New Directions said it recognizes and adheres to the law.
The Huffmans’ problems centered on coverage for residential care.
Their complaint to the Kansas Insurance Department argued that their policy was not parity compliant because it did not cover residential care for mental health. The insurer, Blue Cross Blue Shield of Kansas, argued that the policy complied with state law because residential care was not offered for either medical/surgical or mental health.
The insurance department determined the policy complied with state law.
Insurance did partially pay for the portion of Lizzy’s residential care that it considered to be outpatient care, but that left the Huffmans on the hook for overnight care at the facility.
In Missouri and Kansas, the state insurance departments investigate complaints to see whether companies are complying with state law and with the provisions of their own policies. In both states, once the complaint is filed, the insurance department works with the parties and may request additional information.
Regulators in Missouri and Kansas said complaints are often the way the departments find out how policies they have approved are being applied with consumers. Though if consumers don’t know they can make complaints, they said, it’s hard to gauge whether there are problems with the application of policies.
Mental health advocates and insurance-reform proponents list several ways to improve the system.
One way is gaining a better understanding of the issue, said Melek, the author of the Milliman report.
One more step in studying possible discrepancies in network adequacy, he said, would be to compare the actual number of in-network behavioral health providers with the number of in-network providers of medical and surgical services and specialty services.
The analysis, he said, would also take into account the numbers of providers in each practice type that were taking new patients. The comparisons would be based on provider-patient ratios to account for varying sizes of patient groups.
The question, he said, is this: “Are you discriminating against people with mental health or substance use disorders by not having as adequate of a network, which makes them have to go out of network for the services they need, and now it’s much more expensive for them?”
Melek also said state insurance departments could strengthen their policies, in part by ensuring parity compliance on the front end when insurance companies file their policies for review. That could include having actuaries review the filings.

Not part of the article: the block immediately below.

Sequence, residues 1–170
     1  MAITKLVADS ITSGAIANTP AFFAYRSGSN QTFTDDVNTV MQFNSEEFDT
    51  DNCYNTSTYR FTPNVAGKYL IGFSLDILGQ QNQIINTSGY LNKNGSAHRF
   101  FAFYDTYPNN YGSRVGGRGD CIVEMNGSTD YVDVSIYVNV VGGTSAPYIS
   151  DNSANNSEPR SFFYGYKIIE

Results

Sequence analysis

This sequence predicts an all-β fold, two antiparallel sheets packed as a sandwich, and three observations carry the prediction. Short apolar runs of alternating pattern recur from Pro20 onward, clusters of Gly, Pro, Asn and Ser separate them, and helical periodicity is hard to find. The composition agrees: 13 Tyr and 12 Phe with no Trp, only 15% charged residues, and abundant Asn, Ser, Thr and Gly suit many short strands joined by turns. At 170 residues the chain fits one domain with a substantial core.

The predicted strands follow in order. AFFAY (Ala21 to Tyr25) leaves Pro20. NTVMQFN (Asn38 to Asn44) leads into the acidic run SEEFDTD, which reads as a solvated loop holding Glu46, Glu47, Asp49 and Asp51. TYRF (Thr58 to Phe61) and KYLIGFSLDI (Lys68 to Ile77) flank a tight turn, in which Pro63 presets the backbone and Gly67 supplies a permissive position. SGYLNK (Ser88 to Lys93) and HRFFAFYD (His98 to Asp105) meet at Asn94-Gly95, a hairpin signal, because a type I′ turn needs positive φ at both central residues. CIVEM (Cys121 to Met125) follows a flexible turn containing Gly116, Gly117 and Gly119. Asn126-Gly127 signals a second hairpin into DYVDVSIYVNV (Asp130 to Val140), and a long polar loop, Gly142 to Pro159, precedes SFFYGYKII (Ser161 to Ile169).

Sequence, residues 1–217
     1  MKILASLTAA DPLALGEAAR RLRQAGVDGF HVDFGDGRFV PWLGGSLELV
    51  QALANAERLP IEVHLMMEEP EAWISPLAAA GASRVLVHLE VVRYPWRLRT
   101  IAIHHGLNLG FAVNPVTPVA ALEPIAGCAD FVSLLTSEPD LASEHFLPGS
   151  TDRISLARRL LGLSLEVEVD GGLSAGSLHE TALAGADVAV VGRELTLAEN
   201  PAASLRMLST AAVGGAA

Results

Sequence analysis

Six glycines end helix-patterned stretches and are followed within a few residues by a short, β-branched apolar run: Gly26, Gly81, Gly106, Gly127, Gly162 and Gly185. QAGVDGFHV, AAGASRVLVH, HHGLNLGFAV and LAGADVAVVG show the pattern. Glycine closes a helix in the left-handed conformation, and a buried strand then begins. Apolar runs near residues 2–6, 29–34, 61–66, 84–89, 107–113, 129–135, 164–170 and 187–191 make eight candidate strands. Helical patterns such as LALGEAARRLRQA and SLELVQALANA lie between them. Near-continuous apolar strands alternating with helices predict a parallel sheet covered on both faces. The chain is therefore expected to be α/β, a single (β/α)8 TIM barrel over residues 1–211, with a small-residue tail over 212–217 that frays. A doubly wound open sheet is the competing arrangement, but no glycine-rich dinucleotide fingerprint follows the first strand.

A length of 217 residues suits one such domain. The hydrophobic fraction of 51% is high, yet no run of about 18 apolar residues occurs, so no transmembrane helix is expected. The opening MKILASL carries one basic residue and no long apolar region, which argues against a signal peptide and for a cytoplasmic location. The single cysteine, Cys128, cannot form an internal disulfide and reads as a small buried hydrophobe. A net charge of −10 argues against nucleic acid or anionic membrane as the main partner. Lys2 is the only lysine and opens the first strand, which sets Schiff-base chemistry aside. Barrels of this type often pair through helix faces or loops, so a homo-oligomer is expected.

He also suggested that insurance departments perform random field audits to ensure that the companies are complying with their own policies and with state law.
New Directions said it evolves its practices and policies as the law and understanding of parity also evolves.
This means keeping up with industry best practices and parity compliance tools. If New Directions identifies any problems with compliance, it works to make adjustments to operations or, if necessary, adjusts the health plan’s design.
Ron Honberg, the senior policy adviser for the National Alliance on Mental Illness, said that it will likely take a holistic approach at the state and federal levels to address the problems of mental health parity, especially in enforcing it.
“Strong enforcement is most likely to occur at the state level,” Honberg said. This could mean attorneys general setting mental health as a priority or insurance commissioners getting more aggressive in their oversight.
That involves educating insurance consumers on what the laws mean, where to file complaints and what qualifies for a complaint, Honberg said.
“Achieving true parity is an elusive thing,” Honberg said.
—Wheeler produced this story as part of her graduate work at the Missouri School of Journalism. She earned her master’s degree from the school in May.